4. For these reasons I do not think that the Statute of Henry VIII has any bearing upon the precedence of Prince Alexander of Battenberg if he should be created a Marquis. The Lord Chancellor concurs generally in this opinion, though he has not read this memorandum, and in addition to the reasons set out above he doubts whether the precedence conferred by the Statute upon the King's grandsons (if any such precedence is conferred) is conferred upon the sons of daughters of the reigning sovereign.
Sir Alfred Scott-Gatty, K.C.V.O. Garter.
Prince Alexander of Battenberg
was born 1886
Queen Victoria died 1901.
He was therefore by birth Grandson of the Sovereign.
He was also by birth nephew to king Edward 7th being the "son of a sister".
If given a Peerage no matter what rank he takes by birth under the Act 31 H.8 Precedence of All Dukes [vide opinion of the late Lord Redesdale].
This leads me to the conclusion that the whole question should be settled by the Committee for Privileges as was the case with the Duke of Cambridge in 1850.
[initialled; in Garter's handwriting]
4th July 1917.
Dear Lord Stamfordham
On looking at the books this morning I am completely puzzled by Garter's statement that the case of the Duke of Cambridge was settled by the Committee for Privileges. The first Duke of Cambridge died on the 8th July 1850, and the late Duke took his seat on the 25th July in that year. There is no trace
The Right Hon.
Lord Stamfordham, G.C.B., K.C.V.O.
5th July 1917.
The Lord Chancellor asks me to say that he has again considered the matter of Prince Alexander's precedence, and that he remains of the opinion that if the Prince is created a Marquess he will not he entitled to any precedence in the House of lords other than that appertaining to the date of his Patent.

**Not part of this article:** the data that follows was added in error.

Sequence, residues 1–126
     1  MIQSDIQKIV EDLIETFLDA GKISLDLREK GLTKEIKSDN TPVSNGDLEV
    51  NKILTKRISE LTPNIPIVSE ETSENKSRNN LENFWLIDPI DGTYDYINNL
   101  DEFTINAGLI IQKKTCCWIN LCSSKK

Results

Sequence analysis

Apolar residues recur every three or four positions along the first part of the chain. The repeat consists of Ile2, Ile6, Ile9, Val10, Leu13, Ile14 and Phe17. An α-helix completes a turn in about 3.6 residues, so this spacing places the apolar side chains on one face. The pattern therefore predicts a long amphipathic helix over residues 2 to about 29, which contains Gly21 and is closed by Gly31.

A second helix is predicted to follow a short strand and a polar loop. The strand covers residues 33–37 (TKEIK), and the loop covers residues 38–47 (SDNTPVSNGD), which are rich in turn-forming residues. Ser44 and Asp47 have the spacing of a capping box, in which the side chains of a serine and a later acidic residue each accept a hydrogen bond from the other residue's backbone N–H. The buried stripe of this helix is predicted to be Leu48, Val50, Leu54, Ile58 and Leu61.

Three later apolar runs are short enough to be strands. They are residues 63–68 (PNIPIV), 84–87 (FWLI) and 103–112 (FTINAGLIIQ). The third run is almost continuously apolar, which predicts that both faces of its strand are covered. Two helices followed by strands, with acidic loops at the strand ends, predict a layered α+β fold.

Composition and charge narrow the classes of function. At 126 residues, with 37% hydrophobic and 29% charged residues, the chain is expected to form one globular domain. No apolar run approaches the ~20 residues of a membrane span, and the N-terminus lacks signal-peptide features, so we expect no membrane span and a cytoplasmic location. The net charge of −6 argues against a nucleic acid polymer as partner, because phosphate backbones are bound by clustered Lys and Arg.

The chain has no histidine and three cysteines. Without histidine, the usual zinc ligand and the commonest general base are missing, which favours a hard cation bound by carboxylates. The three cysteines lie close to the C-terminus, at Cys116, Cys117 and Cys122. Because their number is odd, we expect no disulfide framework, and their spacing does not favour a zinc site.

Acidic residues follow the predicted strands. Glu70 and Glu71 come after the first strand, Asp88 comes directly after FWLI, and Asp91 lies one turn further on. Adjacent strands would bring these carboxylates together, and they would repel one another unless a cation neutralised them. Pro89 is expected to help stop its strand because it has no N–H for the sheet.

I will return Lord Redesdale's memorandum later in the day.
(sgd) CLAUD SCHUSTER
Sir Alfred Scott-Gatty, K.C.V.O.
6 July 1917
College of Arms
My Dear Schuster
I have seen both Lord Stamfordham and Prince Louis and we are all pleased and contented with the Lord Chancellor's dictum. I enclose "flimsies" (a nasty name) of the styles and titles and you may as well be preparing the Letters Patent. Prince Alexander married on the 19th of this month so they must be passed before that date. So the dates must stand over, not only on that account but also as to the precedence in the House but this I shall get by Tuesday I hope.
I also enclose the draft Patent of Teck which seems all right.
7th July 1917.
Very many thanks for your letter of the 6th July and the flimsies enclosed.
They still leave the question open as to how we are to deal with the English "Highnesses" of those Princes who have had these appellations conferred upon them by Warrant. Perhaps you will be good enough to let me know about this.
16th .July 1917.
My dear Schuster,
The King has now decided that the Marquesses should take the following seniority:
I count upon Lord Carisbrooke's Patent being completed before his marriage on Thursday next.
Yours very truly,
17th July 1917.
Dear Lord Stamfordham,
Many thanks for your letter of the 16th July. The Patents of the three Marquesses have been dated accordingly as follows:
Marquess of Cambridge, 16th July,
Marquess of Milford Haven, 17th July, .
Marquess of Carisbrooke. 18th July.
I assume that it is intended that the Earl of Athlone's patent should be dated the 19th. There is no question of precedence in this last case since anyhow he will come after the Marquesses, but it seems reasonable that he should receive his Earldom after his elder brother receives his Marquessate.